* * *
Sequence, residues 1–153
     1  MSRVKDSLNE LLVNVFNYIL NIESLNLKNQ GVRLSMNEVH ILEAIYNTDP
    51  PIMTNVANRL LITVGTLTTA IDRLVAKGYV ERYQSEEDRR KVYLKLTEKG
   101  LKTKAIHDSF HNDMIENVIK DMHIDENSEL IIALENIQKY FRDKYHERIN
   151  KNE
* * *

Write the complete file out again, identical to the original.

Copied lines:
Sequence, residues 1–153
     1  MSRVKDSLNE LLVNVFNYIL NIESLNLKNQ GVRLSMNEVH ILEAIYNTDP
    51  PIMTNVANRL LITVGTLTTA IDRLVAKGYV ERYQSEEDRR KVYLKLTEKG
   101  LKTKAIHDSF HNDMIENVIK DMHIDENSEL IIALENIQKY FRDKYHERIN
   151  KNE